I finally stopped my sampling, caught my breath, and looked over at Cyril from DuRhum, who was grinning at me with a glass of his own in his hand. “What did you think of it?” I asked him. He and I both liked the Nine Leaves Clear and had good things to say about Rum Nation’s 57% White Pot Still. Perhaps the closest rum to this profile I’d ever tried was the SMWS Longpond 9 81.3%). Those were similar to this, but nowhere near as uncultured, as elemental. They had been babied a little, smoothened a mite in the cuts, while this hadn’t even progressed to training wheels. It reminded me of three explosive cachacas I had tried (twice) from a small booth at the 2014 Berlin RumFestthey exhibited that same off-the-scale craziness and untamed wild freedom.

Cyril’s understatement was massively un-Gallic: “It’s different, isn’t it?” He, Daniele and The Sage were vastly amused at my reaction. I guess that was understandableI don’t have a poker face worth a damn, and had never tried a white rhum with quite this level of profile intensity before. Just the aroma was enough to make you rethink any preconceptions of what a rum or rhum could be.

“All right then,” I said to The Sage, stealing another sip and shuddering a little less. “What can you tell me about the Sajous?

He told me what he knew (much of which was on the label): it was made from pure sugar harvested from Java cane originating from India, grown in a small 30-hectare estate owned by Michel Sajous, in Saint Michel de l’Attalaye just north of Port-au-Prince. It was all organic and un-messed with from start to finish. Fermentation was done over seven to ten days using wild yeast, double distilled on a pot still at the Chelo distillery on the propertyand then run straight into the bottles after coming off the still. No ageing, no additives, no dilution, no nothing.

“Real traditional agricole rhum before it gets tampered with, purest example of the type,” he said, and it was clear he wasn’t kidding. If there was ever an “original” rhum, the Sajous wasn’t far away from itthe only issue I had with it was perhaps a bit too much. I liked itmore or less. And the more intoxicated I got, the better it was, which may have been the point.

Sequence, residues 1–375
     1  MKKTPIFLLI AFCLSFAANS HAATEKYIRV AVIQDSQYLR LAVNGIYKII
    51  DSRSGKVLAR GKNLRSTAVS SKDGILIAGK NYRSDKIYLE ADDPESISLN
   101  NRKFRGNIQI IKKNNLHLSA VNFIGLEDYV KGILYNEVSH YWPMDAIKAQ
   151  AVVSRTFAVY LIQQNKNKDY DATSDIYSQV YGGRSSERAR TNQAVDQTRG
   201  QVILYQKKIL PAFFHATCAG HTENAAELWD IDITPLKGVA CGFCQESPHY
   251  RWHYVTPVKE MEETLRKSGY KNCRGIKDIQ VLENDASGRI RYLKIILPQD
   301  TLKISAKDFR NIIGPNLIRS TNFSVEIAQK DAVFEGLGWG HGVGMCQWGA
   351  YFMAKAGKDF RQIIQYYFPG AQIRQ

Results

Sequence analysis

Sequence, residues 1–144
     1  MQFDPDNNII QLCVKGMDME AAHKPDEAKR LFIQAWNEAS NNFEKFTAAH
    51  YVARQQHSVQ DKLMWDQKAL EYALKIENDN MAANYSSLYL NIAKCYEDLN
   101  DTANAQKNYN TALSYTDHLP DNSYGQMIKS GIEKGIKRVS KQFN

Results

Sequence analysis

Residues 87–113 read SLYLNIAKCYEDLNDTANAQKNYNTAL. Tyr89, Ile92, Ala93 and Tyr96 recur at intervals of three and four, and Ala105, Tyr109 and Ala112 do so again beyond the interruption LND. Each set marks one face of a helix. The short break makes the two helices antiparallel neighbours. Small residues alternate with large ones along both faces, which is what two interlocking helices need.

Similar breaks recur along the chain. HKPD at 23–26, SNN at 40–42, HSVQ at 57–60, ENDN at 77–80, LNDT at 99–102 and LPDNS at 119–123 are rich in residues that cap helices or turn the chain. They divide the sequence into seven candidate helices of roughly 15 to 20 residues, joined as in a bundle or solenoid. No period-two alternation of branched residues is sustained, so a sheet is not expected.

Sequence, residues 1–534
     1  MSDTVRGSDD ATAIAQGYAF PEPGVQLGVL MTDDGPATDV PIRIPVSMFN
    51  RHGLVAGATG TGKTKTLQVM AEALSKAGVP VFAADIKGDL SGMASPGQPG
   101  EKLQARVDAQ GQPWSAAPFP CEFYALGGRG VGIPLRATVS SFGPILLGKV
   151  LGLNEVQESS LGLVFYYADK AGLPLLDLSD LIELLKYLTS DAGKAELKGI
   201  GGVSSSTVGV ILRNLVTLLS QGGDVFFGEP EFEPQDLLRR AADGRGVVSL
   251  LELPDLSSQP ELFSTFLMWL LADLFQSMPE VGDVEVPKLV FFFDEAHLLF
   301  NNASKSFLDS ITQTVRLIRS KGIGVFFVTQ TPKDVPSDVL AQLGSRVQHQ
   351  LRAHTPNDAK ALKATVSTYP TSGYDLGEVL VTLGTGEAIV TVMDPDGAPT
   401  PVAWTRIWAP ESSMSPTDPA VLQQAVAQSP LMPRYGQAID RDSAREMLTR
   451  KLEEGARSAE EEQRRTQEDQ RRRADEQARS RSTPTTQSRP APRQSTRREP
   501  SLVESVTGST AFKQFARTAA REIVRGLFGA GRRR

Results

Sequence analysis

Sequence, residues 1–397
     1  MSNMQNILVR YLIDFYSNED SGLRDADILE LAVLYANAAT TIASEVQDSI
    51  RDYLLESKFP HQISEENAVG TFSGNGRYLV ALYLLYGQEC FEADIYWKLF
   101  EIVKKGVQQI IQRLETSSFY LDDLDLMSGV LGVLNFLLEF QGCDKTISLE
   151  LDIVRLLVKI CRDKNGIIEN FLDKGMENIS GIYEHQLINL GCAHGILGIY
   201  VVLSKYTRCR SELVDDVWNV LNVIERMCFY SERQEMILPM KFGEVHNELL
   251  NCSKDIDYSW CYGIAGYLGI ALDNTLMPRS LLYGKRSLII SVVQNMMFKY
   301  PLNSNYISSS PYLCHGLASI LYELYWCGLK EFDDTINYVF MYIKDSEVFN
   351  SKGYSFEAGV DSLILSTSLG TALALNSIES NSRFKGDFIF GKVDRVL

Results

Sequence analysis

Cyril, Serge, Daniele, The Sage and I moved on to other things, sampled a load of old rums, went to dinner, talked about rum, drank some more, talked about rum, and had a wonderful time. They were all courteous enough to speak English to me, as my French is execrableI got my own back by carrying on in Russian with The Sage’s beautiful better half. You’d think we would run out of things to say about rum after a while, but nothe subject was as inexhaustible as the varieties. Alas, I had to excuse myself after several hours of it, since my wife was waiting for me and probably getting grumpy.

As I walked back to my hotel, I tried to summarize my feelings about the Clairin Sajous. Without dissing the thing, I can say that this is not everyone’s rum, or a must-have unicorn you share like pictures of your first-born. In fact, Spanish and English style molasses-based rum lovers would likely never approach it again after trying it once. Even agricole enthusiasts might back off a bit. I’m scoring it reasonably high because of good production value, great heft, an enormously intriguing profile, and an original character that stands supremely alone on the prow of its self-proclaimed awesomeness, sayingCall me Sajous”. It would make a tiki drink or a complex cocktail that would blow your hair back, no problem, yet it is probably too different from the mainstream to appeal to mostin that lies both its attraction and its downfall.

Because, you see, some taming of this beast is likely to be required, before it finds real favour and acceptance in the bars of the broader rum world. I liked it for that precise reason, and will get it (and its brothers) again but must be honest enough to say I’d only buy one at a time, far apartand always have a defibrillator handy.

(#212. 82/100)


Other notes

  • Made by Sajous at Chelo, but distributed and promoted by Velier.
  • For the guys I met and who took the time to talk rum, a big Merci. It really was a wonderful get-together.
  • The artwork on both this and the Casimir was done by Simeon Michel, a well known Haitian artist. There’s a better story behind the Vaval design, if you’re interested, at the bottom of the review.
Dec 282012
 

This lovely product will always be one of the top sipping rums of my 2012 experience. The awards it has garnered since 2007 state boldly that many others think so too.

Stirred by the Rum Howler’s listing of the Plantation Barbados XO in his intriguing top 30 rum list, and having brought back a bottle from the amazing Rum Depot store in Berlin back in August (yes, it was gathering dust for several months, them’s the breaks when you have a day job and a family and other interests), I resolved to check it out after finishing off the St Lucia series. It was run up against three enormously different rums which could not possibly be mistaken for each other: the Renegade Cuba 1998, Downslope Distillery’s wonky 6-month wine-barrel aged rum from Colorado about which I can’t say enough bad things, and the amazing 2012 Rum Nation Demerara 1989-2012 23 year old about which I can’t say enough good things.